Autumn Internationals: Ireland XV v Fiji Prediction

An Ireland XV invite Fiji to Thomond Park on Saturday in desperate need of a moral boosting victory after five consecutive test defeats, their worst sequence of results in 14 years.

Reasons to back Ireland

A disappointing loss at the hands of South Africa last weekend was the latest in a series of recent setbacks leaving Ireland perilously close to dropping into the third tier of world rankings, and in all probability a place in the ‘group of death’ at the Rugby World Cup draw occurring next month. However, in spite of their troubles forwards coach Gert Smal insists the mood in camp remains positive in the lead up to the uncapped fixture against Fiji.

With so many new faces around the camp, this new group of players will be keen to make an impact as Ireland enter a transitional period. David Kilcoyne and Iain Henderson make their first starts this weekend after brief appearances against the Boks. Luke Marshall and Darren Cave form an all-ulster centre partnership, whilst teammate Craig Gilroy aims to replicate his early season form on the wing.

Amongst a youthful Irish XV Jamie Heaslip retains the captaincy and Conor Murray holds on to the scrum-half jersey, with Donnacha O’Callaghan providing further experience in the engine room. Mike Ross also continues at tight-head, Fiji having struggled in the set piece against England and also Gloucester mid-week. This is an area Ireland can target, and dominate.

Tasked with directing matters from fly-half is promising youngster Paddy Jackson. He has matured since a nervous display in the Heineken final last season, impressing in Ulster’s unbeaten start this term. Jackson has more than enough ability to control the game, with Ireland then avoiding the loose, unstructured game which Fijians are well known to thrive on. Should he falter, Jonathan Sexton is on the bench.

Reasons to back Fiji

Traditional masters of the sevens circuit, those skills are transferred to the fifteen man game. They will look to move the ball at every possibility, to implement their offloading game and get their powerful, quite sizeable runners into space wherever they can. Thus, if this unfamiliar Irish team are slightly off their game, in a match without structure the Fijians will punish them.

The Fiji coach, Inoke Male, can rightly be frustrated by his lack of access to several key players with Sireli Bobo, Jone Qovu and Josh Matavesi amongst those unavailable due to ‘club commitments’ in the Top 14. But even without their star names Fiji can field a side, with top level experience capable of causing an upset.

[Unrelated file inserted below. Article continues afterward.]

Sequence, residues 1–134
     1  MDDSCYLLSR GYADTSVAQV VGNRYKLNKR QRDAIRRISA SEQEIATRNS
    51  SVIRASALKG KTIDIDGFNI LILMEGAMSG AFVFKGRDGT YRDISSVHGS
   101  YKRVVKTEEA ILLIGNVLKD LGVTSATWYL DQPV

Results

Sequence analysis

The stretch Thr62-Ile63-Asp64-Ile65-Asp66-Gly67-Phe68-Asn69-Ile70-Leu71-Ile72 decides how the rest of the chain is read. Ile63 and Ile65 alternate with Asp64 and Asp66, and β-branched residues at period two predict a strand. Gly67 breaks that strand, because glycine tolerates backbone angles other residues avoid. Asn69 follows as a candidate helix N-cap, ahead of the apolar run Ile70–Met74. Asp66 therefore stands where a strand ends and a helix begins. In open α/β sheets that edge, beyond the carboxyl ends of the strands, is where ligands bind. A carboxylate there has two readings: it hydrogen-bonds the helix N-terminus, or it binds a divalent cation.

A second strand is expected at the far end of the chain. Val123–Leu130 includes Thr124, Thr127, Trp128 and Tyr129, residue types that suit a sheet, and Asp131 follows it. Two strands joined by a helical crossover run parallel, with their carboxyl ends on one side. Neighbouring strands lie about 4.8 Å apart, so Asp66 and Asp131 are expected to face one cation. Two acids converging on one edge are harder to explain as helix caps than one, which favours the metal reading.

Deacon Manu captained the side against England and Aviva Premiership viewers will be familiar with Leicester Tigers’ Vereniki Goneva, a wing come centre with all the typical attributes of a Fijian flyer. Watch out also for Glasgow Warriors scrum-half Nikola Matawalu, who provided a highlight for the islanders with possibly the best try at Twickenham last weekend.

Prediction: Ireland XV by 25

By David Blair

9 thoughts on “Autumn Internationals: Ireland XV v Fiji Prediction

  1. Why should anyone care about this match seeing as the Irish, because of contractual arrangments with Aviva, have deemed this a non cap match. Something is not right about that.

    1. I’m not hugely interested in the result either, but it will be interesting to see how some of the younger guys play, given that Kidney is always being urged to shake things up a little.

      1. But this has now become akin to a baa baas match. Interesting, but will Kidney really learn much about his prospects?

        If Aviva have exclusive rights to capped matches then why not hold it there, be innovative in the ticket pricing, as the RFU did and at least have some atmosphere and intensity about the occaassion.

  2. Kidney also partly chose to make this an XV match because of ranking points. Kidney would have been too afraid of the catastrophic effects of losing to Fiji to play a developmental side. Therefore it was made an XV match so he would experiment.

    1. Where did you hear Kidney himself made the decision to downgrade this to an uncapped international?

      As far as I know, it’s the deal with Aviva who own the rights to all home Irish internationals which mean that moving to Thomond Park means they can’t give caps for the game.

      I suspect Deccie had little, or nothing, to do with the decision.

        1. A combination of factors resulted in the move to Thomond. Poor ticket sales for lower tier nations might have made it more financially viable to take the game to a smaller stadium etc.

          I don’t agree with it, but at least we’re getting a look at some young players for a change. Let’s hope they grab the opportunity.

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